Friday, November 24, 2017

Marlon Brando on Marilyn Monroe

Do you remember when Marilyn Monroe died? Everybody stopped work, and you could see all that day the same expressions on their faces, the same thought: ‘How can a girl with success, fame, youth, money, beauty . . . how could she kill herself?’ Nobody could understand it because those are the things that everybody wants, and they can’t believe that life wasn’t important to Marilyn Monroe, or that her life was elsewhere


Thursday, November 23, 2017

Shelly Winters on Marilyn

“She’d come out of our apartment in a shleppy old coat, looking like my maid, and all the people would push her aside to get my autograph. She loved it.”


Wednesday, November 22, 2017

Gloria Steinem on Marilyn Monroe

Steinem met Monroe once, at the Actor's Studio in New York. Steinem had been invited by one of her Smith College professors to sit in on a teaching session. It seemed to her that the sophisticates of the New York theater were condescending to the Hollywood actress.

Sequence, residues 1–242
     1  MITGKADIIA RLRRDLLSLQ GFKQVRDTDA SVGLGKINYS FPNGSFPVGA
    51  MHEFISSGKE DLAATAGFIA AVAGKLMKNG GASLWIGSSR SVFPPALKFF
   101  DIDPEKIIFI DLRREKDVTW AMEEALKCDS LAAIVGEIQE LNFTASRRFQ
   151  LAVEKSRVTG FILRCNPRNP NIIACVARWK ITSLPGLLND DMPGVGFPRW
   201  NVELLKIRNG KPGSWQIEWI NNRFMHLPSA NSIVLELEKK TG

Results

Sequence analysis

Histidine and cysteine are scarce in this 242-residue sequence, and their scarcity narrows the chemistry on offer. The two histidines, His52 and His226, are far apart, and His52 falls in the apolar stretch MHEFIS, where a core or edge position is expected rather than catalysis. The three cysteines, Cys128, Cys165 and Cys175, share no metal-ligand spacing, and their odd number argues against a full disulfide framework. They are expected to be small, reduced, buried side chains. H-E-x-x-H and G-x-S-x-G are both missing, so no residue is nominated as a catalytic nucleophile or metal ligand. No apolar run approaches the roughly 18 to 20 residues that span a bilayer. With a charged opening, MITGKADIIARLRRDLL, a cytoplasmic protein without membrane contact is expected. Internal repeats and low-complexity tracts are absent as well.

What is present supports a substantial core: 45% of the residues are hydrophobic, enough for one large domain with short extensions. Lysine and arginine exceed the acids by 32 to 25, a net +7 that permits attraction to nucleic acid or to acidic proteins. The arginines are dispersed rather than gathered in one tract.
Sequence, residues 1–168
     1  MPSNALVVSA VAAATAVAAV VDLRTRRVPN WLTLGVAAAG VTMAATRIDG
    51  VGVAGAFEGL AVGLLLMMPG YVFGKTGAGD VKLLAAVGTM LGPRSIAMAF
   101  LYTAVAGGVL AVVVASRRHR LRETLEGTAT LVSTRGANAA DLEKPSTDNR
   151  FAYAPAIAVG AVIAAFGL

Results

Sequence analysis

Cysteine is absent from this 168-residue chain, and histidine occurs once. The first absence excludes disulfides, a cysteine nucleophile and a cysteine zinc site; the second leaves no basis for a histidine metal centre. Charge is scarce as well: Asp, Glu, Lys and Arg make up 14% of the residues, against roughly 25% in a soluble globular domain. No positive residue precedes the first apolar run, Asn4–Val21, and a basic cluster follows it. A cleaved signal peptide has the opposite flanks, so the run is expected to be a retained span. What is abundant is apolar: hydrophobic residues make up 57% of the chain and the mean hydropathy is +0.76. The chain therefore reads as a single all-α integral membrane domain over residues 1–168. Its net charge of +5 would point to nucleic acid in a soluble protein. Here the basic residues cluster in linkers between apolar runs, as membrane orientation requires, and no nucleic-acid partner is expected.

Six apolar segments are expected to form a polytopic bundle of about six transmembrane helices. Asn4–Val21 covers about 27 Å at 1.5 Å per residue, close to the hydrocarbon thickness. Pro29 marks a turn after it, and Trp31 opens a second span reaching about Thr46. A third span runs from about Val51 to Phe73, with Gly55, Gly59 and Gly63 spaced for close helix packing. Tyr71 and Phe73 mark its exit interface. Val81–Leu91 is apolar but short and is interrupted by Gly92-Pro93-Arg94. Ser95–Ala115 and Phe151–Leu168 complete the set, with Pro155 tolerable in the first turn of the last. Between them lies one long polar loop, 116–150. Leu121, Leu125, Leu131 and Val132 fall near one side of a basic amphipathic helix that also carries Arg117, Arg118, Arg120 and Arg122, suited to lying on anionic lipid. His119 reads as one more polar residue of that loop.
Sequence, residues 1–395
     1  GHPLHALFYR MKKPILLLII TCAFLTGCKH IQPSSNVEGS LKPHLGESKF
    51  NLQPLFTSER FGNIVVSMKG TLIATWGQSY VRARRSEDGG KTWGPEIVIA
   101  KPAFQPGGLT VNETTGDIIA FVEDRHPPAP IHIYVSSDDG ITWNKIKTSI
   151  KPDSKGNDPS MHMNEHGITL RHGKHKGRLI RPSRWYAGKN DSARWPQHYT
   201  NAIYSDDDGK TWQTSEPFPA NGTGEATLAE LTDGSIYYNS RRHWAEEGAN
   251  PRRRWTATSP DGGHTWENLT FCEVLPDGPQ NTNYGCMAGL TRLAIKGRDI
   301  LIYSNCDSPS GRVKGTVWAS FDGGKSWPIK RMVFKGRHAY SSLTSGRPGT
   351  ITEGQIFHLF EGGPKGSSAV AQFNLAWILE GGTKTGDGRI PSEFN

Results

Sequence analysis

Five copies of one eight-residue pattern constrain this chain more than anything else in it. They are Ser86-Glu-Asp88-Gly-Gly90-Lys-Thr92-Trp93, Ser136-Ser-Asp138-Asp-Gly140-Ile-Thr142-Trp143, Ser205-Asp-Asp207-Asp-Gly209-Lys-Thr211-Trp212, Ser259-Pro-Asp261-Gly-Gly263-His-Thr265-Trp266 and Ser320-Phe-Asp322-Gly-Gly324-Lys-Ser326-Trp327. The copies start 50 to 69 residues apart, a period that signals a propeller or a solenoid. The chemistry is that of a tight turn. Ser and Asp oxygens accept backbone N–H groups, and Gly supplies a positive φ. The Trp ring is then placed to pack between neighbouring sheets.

"Monroe was a huge star, but far from being embarrassed or alienated, I felt drawn to her, protective. I remember feeling angry at the way she was treated," Steinem recalled. "Growing up, Marilyn's image had always made me uncomfortable. For a teen-age girl who feels vulnerable enough, it was like an ethnic person seeing an ethnic stereotype -- a silly blond woman who allowed herself to be used. She was a victim. It was painful to see. She's up there on the screen -- in the comedies at least -- giggling and being dumb. People are making jokes about how dumb she is, about her body. She had a vulnerability and an innocence. Your first response is to blame the person instead of blaming the role the person is forced to play. It's the same as it would have been to blame Stepin Fetchit in pre-civil-rights days. When you think about it, that was the only role he was allowed to play.